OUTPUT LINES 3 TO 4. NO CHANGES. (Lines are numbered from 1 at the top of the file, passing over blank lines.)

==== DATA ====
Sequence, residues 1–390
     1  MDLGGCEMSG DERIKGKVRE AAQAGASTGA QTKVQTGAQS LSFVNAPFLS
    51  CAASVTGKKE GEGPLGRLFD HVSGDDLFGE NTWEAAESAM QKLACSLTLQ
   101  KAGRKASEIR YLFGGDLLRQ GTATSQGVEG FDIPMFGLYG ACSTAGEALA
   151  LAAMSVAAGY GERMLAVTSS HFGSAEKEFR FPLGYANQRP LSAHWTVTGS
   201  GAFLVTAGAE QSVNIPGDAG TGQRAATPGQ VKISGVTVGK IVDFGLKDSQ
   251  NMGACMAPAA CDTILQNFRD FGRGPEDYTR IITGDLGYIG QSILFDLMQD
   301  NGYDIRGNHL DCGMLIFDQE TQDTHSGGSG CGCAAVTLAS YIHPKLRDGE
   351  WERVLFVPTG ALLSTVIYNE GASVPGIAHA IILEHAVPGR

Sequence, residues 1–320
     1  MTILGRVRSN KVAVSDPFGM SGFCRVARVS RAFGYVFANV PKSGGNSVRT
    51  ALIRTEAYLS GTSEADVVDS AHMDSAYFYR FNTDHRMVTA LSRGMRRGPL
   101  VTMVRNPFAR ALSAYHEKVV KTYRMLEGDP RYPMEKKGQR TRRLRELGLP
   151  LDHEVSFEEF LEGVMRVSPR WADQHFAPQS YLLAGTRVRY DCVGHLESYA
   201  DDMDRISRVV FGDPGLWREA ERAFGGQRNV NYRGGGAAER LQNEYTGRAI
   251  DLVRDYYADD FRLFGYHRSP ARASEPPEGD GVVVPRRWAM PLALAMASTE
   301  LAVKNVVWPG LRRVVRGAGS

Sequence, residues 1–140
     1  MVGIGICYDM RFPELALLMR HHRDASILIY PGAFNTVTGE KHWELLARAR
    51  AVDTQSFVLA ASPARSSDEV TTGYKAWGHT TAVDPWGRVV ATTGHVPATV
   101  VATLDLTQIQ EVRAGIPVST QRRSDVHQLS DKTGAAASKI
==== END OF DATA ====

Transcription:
    51  CAASVTGKKE GEGPLGRLFD HVSGDDLFGE NTWEAAESAM QKLACSLTLQ
   101  KAGRKASEIR YLFGGDLLRQ GTATSQGVEG FDIPMFGLYG ACSTAGEALA